I love the week after Christmas, when I can regroup and begin to get organized for the new year ahead. 2014 looks to be pretty exciting for Adventure Travel Mom, and I’m getting a jump start on the fun with the launch of Ski Vermont’s All Mountain Mamas blog this week. As a native Vermonter, I’ve skied here in the Green Mountains all my life, and am now raising my boys to love the mountains as much as I do (maybe even a little more). So I was super excited when the folks at Ski Vermont asked if I’d be part of a group of family travel bloggers writing first hand about skiing and riding at Vermont’s resorts with kids.
I’ll be sharing some posts here on my blog, and also on Vermont Mountain Moms, to which I contribute. Vermont Mountain Moms is run by two of my favorite bloggers and is all about sharing a local’s perspective on family life in Vermont’s mountains towns. I’m really excited about the synergy between All Mountain Mamas and Vermont Mountain Moms, as I think they fill an important void for families planning a ski trip to Vermont.
For my first post on All Mountain Mamas, I spoke with two of Vermont’s leading experts on helmet safety for kids– Dr. Bryan Huber of Mansfield Orthopaedics (who is also dad to a ripping little snowboarder), and David Connery, an engineer for Burton’s Anon brand helmets. Both of them had some really great advice, which you can read in full here. We’ve always insisted on helmets for the boys, but after talking with David and Dr. Huber I’m more resolved than ever before to make sure there are no exceptions. A few things I learned:
- A helmet is designed to take one good impact. After that, it’s effectiveness is compromised and there is a marked increase in risk of concussion. Replacing your child’s helmet every 2-3 years is probably a good idea, and never buy a used helmet.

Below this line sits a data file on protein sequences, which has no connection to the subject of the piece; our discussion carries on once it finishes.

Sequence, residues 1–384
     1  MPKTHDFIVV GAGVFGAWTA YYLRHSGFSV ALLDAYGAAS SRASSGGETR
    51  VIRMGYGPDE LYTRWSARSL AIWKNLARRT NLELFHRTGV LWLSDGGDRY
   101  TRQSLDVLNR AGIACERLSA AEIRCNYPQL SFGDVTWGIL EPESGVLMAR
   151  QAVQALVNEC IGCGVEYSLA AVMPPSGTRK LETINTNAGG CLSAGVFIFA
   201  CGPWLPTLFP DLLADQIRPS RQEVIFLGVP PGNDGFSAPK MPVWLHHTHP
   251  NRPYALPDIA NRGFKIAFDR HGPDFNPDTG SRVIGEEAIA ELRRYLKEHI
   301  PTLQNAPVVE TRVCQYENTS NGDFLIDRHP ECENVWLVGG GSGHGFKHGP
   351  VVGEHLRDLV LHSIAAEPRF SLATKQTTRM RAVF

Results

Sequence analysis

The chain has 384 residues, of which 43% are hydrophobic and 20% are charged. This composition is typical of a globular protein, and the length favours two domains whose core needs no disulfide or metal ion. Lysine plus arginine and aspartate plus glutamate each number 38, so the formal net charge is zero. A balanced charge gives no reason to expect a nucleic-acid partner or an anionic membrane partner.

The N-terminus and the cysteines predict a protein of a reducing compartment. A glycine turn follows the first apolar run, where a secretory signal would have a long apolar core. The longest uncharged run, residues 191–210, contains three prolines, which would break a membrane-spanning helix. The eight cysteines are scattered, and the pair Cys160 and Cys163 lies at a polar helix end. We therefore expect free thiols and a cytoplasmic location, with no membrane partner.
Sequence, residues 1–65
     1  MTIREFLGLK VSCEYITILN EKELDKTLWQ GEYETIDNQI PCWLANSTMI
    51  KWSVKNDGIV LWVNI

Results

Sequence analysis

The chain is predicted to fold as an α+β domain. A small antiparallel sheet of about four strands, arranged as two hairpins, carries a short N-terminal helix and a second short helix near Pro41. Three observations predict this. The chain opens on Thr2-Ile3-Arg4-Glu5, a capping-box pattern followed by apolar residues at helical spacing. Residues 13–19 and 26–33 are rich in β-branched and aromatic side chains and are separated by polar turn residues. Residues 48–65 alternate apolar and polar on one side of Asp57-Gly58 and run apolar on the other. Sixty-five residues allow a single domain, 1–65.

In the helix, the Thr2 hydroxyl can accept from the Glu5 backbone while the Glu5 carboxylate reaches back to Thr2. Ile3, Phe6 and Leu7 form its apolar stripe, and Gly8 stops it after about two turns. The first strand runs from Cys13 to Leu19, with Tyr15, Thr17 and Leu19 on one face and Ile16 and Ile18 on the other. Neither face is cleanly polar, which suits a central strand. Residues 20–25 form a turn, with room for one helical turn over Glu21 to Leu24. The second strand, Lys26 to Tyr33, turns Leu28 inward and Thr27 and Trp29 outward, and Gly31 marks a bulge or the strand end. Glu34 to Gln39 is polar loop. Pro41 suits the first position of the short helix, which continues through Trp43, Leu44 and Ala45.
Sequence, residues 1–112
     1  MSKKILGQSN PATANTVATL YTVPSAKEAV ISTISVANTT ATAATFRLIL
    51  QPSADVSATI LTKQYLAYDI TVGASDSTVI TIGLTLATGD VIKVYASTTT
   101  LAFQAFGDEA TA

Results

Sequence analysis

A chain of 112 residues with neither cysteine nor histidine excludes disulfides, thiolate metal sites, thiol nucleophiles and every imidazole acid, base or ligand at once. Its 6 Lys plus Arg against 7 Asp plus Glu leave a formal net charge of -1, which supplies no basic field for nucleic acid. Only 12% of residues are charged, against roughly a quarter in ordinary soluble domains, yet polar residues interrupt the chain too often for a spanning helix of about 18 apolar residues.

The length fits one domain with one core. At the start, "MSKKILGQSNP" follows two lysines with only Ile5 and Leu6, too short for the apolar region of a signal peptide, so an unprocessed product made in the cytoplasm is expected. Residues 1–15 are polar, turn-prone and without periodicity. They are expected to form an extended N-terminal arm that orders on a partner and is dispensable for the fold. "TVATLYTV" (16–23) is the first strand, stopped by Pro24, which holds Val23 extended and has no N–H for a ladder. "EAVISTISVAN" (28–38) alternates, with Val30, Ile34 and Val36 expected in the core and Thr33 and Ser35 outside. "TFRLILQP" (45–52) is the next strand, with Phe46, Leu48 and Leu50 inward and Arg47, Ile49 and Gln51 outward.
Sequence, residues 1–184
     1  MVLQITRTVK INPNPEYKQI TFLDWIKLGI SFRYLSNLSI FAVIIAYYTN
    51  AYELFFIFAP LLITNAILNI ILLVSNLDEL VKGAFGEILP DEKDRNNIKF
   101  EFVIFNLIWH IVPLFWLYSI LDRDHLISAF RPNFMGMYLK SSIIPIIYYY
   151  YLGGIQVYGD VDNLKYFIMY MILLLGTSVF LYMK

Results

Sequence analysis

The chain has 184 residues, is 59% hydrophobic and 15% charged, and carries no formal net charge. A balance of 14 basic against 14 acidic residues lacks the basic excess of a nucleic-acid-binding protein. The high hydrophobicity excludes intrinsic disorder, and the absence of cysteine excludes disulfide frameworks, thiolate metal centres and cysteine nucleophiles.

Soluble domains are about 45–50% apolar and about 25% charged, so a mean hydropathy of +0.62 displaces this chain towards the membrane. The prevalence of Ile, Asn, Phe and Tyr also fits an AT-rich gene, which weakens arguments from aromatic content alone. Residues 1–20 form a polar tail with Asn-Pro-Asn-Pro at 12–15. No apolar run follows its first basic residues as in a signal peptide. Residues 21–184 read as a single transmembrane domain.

- “When in doubt, sit them out.” Dr. Huber drilled this into my head during our conversation. If your child falls hard enough to cry, seems even slightly dazed, or complains of a headache, take them off the hill for the day. The risk of injury from a second fall is so much greater– not only has the helmet probably been compromised, but the brain may already be bruised and will be more susceptible to serious concussion.
- When buying a helmet, look for a sticker labeled ASTM-F2040, which assures you that the helmet meets national safety standards. You also want to make sure the helmet fits snugly on your child’s head without the chin strap fastened (they should be able to shake their head “yes” and “no” without much wiggle.”).
There is a lot more info in the full post, with additional suggestions for choosing a good helmet and what to do if you suspect your child has a concussion.
I know I threw around a lot of the word “Vermont” and variations on the word “Mom” in this post– I guess those are two pretty key terms in my blogging life right now. But don’t worry, I have some fun and adventurous trips planned to other parts of the world in 2014 too. Happy New Year!